You are in a river cave. The river water is clear. Midway through the cave, the water turns muddy. What do you understand by this change of environment? Yes, it is raining outside and its time to get out of the cave as it could be flooded anytime. Look out for high ground incase we need to keep ourselves from the rushing water.

5. Do you understand hypothermia?
In Malaysia, you rarely hear people succumbed to hypothermia. Yes, but beware that there are at least 10% of people who are afraid of cold (that include me!) And so as a leader, you have to know and to look out for those that have that weaknesses. Read more here.

6. Do you know about the timing of the trip - the weather, monsoon and the seasons?
Our mother earth has been "bleeding". Weather is unpredictable. However, monsoon and season are still within our knowledge. So planning your trip to different part of the country need some weather studies. At certain time of the year, it could be raining the whole day. Some months you could find alot of bees (and then you have members who are allergic to bees). FYI, bees are abundant during the flowering months - between March to July in Malaysia. You don't go to the east of main range during the monsoon months (i.e. November till January).

7. Can you build rapport & trust among fellow hikers?
When you have big group, you will find segregation. Segregation can leads to incooperation. Incooperation can leads to indiscipline. So it is better to keep the group intact than to have problem after within. A leader has to be a "clown" to keep the group together. Be sensitive to the circumstances. Be understanding to the pressure. And most of all, should be motivating at all time - even though you yourself are having "pressure".

8. Do you have the necessary technical skill on equipment and hiking terrain?
Reading maps, understanding compasses, adapting to the terrain and ability to use ropes and other devices in emergency. You have to have those basic skills to be able to lead. Sometime you need six sense. There was an incident in the deep jungle of Penang. We were bashing a new trail. The overgrowths were too thick. I could "smell" a stream. I knew I was on the right direction. I don't know, but these exact 6 senses are necessary for a successful trip.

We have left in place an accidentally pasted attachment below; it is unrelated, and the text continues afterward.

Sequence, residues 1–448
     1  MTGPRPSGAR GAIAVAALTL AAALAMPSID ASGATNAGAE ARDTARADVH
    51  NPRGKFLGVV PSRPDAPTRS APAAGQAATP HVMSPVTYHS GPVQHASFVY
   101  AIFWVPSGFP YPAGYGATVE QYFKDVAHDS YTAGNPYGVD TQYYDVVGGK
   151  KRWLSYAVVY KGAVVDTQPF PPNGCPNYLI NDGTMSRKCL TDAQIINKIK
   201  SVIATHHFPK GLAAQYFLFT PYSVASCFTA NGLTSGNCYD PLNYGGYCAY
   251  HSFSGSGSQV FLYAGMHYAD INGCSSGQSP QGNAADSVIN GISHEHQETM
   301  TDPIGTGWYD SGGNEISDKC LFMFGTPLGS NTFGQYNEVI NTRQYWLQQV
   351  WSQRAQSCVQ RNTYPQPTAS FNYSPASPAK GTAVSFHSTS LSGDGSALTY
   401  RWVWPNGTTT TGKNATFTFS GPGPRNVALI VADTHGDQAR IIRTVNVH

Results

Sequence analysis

9. Are you a qualified first aider?
I was a first aider during my school days. I am always interested in first aid. Any wound and injuries, I will try to help. I learned new technique. I learned CPR. I learned life saving. These extra knowledge and experiences really helped me in my exploring. They give me confident. Do you have them?

10. Can you improvise?
Do you know how to make a stretcher from a shirt? Improvising is important. You just can't carry everything with you in a long distance hike through difficult terrain. It is preferable to have an item that can be used for more than one purposes. For example my pocket knife can be used as a can opener (that is knowing how to use it as a can opener).

11. Do you prepare necessary first aid equipment?
First aid box and knitting tools are necessary for a long distance hike. I won't write about the first aid kit as it is obvious you should carry one. Knitting tools include threads and needles are needed for weak haversack and opened shoes...and in worst senario to stitch up open wound. You never know and it is safer when you are well prepared.

12. Do you provide enough training to your group?
And last but not the least, training is a very important aspect of a successful expedition. Never treat training lightly. I have seen too many people who did not have enough training who will suffer the whole journey and started the journey as friends and end the journey as foes. Yes, I have encountered these people (not from my group) and I just pitied them.

Do you have anything to add? Please comment.

Merry Xmas & A Happy New Year 2007!

21 Dec 06